1) Martha Sacks – Ms. Sachs questioned why there were no regulations proposed for steep slopes and why the municipalities were excluded from these regulations. She stated that the public wanted to maintain rural character of the County and that was the reason people moved to this area.
2) Kenneth Workman – Mr. Workman stated that the County needed to protect rural environment and community character. He had concerns with inadequate infrastructure to serve new development. Mr. Workman felt that in regards to density based on total acreage such as floodplain, land not suitable for building, should be excluded from density calculation.
3) John Davis – Mr. Davis expressed that developers should not be rewarded for setting aside land that is unsuitable for building and that development is ruining rural character of the County. He felt that steep slope development should be regulated.
4) Evelyn Nichols – Ms. Nichols stated that there were poor conditions in existing manufactured home parks; roads washed away and not replaced, and the need for buffers and standards.
5) Bill Fitch – Mr. Fitch agreed that the Board of Commissioners should have the authority to protect citizen’s health and safety. The LDC is a massive document written in an obscure language that people cannot understand (such as the reference to General Statutes). He had issues with certain permitted uses being allowed in the County such as slaughterhouses, junkyards, asphalt plants, solid waster combustion incinerators, motor sports facilities and hazardous waster disposal facilities.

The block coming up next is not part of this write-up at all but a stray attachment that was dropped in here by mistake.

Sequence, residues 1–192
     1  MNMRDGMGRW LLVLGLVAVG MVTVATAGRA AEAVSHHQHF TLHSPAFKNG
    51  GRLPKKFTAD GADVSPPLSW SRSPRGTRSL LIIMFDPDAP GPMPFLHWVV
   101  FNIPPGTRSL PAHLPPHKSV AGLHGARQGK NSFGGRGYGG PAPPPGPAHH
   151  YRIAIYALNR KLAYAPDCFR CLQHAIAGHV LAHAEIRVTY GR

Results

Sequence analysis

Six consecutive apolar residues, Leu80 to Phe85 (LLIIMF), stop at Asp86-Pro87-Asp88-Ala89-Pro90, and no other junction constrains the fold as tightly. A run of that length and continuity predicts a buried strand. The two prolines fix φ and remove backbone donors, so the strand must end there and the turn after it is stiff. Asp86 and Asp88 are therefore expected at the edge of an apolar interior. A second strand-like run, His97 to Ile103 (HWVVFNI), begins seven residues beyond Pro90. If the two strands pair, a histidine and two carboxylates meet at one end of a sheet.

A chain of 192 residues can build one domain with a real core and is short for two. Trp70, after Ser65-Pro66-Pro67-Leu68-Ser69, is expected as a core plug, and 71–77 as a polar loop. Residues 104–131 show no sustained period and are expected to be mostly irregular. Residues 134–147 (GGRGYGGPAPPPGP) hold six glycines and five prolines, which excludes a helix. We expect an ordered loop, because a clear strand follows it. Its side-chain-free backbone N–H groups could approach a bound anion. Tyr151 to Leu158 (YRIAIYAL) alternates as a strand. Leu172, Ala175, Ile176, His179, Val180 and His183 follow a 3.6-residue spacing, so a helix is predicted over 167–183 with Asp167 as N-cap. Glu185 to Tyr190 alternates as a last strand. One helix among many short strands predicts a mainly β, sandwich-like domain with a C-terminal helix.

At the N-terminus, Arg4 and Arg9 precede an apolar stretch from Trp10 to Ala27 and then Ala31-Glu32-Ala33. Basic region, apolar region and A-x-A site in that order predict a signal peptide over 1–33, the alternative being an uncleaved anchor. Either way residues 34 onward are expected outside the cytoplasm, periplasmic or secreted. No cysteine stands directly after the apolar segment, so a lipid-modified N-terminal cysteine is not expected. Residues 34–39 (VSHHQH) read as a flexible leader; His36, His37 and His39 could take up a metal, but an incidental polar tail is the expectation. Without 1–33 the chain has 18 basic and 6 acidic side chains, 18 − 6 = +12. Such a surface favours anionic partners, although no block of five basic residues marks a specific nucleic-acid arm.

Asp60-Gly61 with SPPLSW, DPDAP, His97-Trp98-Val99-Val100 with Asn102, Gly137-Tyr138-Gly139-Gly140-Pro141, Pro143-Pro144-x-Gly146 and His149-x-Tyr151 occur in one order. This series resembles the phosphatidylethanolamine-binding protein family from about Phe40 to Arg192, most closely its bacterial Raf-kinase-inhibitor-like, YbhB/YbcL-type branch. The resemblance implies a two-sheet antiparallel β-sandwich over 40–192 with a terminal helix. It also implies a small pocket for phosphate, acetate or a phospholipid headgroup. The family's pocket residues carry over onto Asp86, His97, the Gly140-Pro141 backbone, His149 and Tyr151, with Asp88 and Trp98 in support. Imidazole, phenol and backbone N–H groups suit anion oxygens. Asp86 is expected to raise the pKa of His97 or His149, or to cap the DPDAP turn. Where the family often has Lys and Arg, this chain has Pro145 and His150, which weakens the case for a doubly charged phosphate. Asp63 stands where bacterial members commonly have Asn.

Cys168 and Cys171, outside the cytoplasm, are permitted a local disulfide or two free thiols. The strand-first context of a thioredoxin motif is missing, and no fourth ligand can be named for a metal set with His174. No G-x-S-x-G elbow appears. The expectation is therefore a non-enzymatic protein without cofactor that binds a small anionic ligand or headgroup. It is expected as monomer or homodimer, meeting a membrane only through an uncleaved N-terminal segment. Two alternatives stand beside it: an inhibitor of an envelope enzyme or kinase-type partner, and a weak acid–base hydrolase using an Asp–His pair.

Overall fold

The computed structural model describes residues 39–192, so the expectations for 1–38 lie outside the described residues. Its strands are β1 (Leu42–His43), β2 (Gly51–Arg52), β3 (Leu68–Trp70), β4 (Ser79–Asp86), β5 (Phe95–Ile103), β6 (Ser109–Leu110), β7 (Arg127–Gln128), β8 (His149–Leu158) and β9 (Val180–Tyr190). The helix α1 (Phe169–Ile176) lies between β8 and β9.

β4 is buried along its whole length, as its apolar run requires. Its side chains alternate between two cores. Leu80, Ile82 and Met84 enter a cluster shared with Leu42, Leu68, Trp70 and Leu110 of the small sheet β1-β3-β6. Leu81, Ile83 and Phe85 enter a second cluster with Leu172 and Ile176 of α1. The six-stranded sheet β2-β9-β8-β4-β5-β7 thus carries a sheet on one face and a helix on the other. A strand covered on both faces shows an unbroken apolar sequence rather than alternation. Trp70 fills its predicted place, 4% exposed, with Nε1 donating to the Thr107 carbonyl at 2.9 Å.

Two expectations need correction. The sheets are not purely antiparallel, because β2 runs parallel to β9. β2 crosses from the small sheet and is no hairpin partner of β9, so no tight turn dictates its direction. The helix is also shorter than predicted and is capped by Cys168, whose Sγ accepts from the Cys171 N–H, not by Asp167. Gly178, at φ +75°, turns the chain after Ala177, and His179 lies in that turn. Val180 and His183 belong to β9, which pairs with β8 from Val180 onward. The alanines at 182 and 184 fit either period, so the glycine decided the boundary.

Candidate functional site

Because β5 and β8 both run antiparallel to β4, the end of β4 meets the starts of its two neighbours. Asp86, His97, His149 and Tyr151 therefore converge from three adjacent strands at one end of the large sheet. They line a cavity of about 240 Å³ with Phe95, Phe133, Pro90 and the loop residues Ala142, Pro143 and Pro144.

6) Robert Kuykendall – Mr. Kuykendall was disgusted by housing developments and prices of homes ($300-500,000). Manufactured homes are all some folks can afford due to the income and jobs available. He never thought Bob Caldwell would have to forecast air quality. Two factories have shut down, and there is no future for his children.
David Hill – Mr. Hill stated that people needed to know
what this ordinance was going to affect the open use zoning. Rezoning the open use areas would control
everything that a person can do in
8) Chris Lindsey – Mr. Lindsey felt that septic permitting should determine density and there was no need to restrict it more than it does already. He asked “Why donate good land to a land conservancy”? The County should not restrict manufactured homes because it is all people can afford. Most people cannot afford the 1.5 acres of land needed to put it on. He stated that new growth is from all the town homes and cluster developments and not from individual lots.
Dorothy Freeman – Ms. Freeman has no problem with the
zoning that has been accomplished over the past years in the 25 North
areas. She has issues with allowed uses
and traffic along
10) Gerald Souther – Mr. Souther is concerned with restrictions on manufactured homes. He feels that if a person has the land required and wants to put a manufactured home on it there shouldn’t be a problem. With the current price of homes there is no other affordable housing.
11) Lex Kimbleton – Mr. Kimbleton stated that this is one of the most beautiful places on this coast. Density of 16 units per acre will remove the rural quality and create traffic issues. He would like to see less development of homes and commercial land and see more land kept for the people already here.
12) Walt Shepherd – Mr. Shepherd feels that everyone’s rights and freedom should be protected; the Constitution. The more laws made the less protection received. Property values and taxes would be increased due to more regulations placed on properties. People cannot afford to pay high property taxes and land prices. How much property can the County steal with too many regulations? He feels that regulations are too strict and not necessary. There is a need for real protection such as deed restrictions but not regulations made by planners and Commissioners that change based on new views. Citizens spend their whole life paying for a home and retire, and then cannot afford to pay the taxes.
There being no further public comments the meeting adjourned.